Typically, we found around 40% of users were unable to identify paid adverts on these results. This compares to only 27% who were unable to identify adverts on a results page from around 2011.

This figure changed little whether a brand term or non-brand term was used.

It also worked the other way around. On busy results containing knowledge graphs, images etc. but no adverts, we found 40% of users incorrectly identifying them as having ads.

Featured snippets
In the search result image containing a featured snippet, 30% of users thought the page showed an advert. Interestingly it was older people who had more trouble identifying that no ad was being shown (55% thought there was advertising).

Google’s new Mobile results
The examples provided by Google were tested and the new (favicon) results showed improved differentiation. The old version was correctly identified as having adverts 62% of the time and the new version 73% of the time.

We did further tests on other mobile results and found that when both ads and non-ads were shown, users were unable to distinguish them between 77% and 83% of the time.

However, where no ads were present, people were unable to tell. In other words, users are becoming less able to identify that natural search results are not adverts.

Additionally, where the “Ad” text marker format changes, users are less able to identify what is an advert.


Google Desktop Search
Our study shows that typically around 40% of users are unable to identify PPC adverts in natural search results on desktop. This changes little, whether the query is transactional in nature or a brand query. This rate is significantly higher than the same test for older search result formats.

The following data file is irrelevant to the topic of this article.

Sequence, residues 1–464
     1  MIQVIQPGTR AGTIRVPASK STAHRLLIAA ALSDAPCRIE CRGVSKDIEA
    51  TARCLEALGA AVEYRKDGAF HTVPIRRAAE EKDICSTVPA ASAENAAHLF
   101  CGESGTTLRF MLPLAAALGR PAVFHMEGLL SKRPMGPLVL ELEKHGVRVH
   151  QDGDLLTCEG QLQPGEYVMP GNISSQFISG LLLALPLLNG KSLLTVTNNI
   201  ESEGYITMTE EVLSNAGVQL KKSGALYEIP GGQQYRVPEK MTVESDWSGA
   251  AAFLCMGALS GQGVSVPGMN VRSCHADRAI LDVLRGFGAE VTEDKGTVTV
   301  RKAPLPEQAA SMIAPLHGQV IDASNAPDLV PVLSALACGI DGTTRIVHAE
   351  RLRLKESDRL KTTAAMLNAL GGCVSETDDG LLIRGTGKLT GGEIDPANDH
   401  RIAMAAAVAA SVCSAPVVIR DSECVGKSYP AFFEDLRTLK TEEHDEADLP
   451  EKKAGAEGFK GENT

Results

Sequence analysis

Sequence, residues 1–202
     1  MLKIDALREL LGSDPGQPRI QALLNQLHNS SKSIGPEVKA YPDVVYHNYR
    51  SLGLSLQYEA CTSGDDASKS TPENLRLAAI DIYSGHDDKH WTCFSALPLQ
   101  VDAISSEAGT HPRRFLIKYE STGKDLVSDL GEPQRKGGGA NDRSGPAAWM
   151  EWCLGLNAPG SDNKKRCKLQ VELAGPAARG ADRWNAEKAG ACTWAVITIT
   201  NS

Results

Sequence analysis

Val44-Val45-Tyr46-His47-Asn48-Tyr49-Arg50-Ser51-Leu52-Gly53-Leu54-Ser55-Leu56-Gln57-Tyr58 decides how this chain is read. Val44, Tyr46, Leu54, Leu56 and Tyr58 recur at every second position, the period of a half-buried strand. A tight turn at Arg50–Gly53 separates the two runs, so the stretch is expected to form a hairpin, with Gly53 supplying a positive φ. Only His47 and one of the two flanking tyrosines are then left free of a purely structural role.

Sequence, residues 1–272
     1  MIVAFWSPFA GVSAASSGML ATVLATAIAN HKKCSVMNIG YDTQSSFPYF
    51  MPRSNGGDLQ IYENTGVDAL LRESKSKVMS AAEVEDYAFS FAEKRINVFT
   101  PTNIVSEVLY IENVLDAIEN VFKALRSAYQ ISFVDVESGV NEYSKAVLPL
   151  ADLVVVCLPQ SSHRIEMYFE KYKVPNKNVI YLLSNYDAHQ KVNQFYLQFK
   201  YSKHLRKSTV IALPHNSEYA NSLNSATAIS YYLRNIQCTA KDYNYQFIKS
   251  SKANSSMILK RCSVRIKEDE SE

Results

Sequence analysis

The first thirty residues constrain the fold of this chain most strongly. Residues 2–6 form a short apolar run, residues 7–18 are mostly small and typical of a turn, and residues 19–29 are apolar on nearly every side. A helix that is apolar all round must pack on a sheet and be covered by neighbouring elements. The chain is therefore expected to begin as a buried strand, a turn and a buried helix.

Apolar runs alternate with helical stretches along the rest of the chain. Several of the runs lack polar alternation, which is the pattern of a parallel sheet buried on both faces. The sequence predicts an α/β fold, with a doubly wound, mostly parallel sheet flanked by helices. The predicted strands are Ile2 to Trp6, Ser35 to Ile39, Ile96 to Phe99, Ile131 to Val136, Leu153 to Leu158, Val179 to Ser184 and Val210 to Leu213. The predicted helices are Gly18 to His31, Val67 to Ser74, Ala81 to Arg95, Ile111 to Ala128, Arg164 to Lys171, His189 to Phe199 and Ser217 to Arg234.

Additionally, users appear to have a problem in identifying when no adverts are present at between 27% to 39% depending on which features are shown e.g. featured snippet, maps etc.

Google Mobile Search
Google’s new favicon result appear to show an improvement in user advert recognition, however there is also a large increase in the percentage of users who think that natural search results are adverts.

Where the advert marker changes from the normal version e.g. in Maps adverts, recognition decreases significantly.

The outcome of Google’s new mobile format seems negative for the user. In an ideal world, every user should know which results are adverts and which are natural search results, with little or no ambiguity. Advert recognition appears to improve with the new format but this seems to be because users think adverts are more widespread than they actually are i.e. they think natural search results are adverts and still don’t identify the actual adverts.

Decreasing differentiation between paid results is a trend which has been ongoing in Google’s results since the early to mid 2000s. The trend appears to have increased in pace since 2015. Previous format changes have focussed on making adverts appear more like natural search results, this change takes the opposite and potentially more damaging approach of making natural results look more like adverts.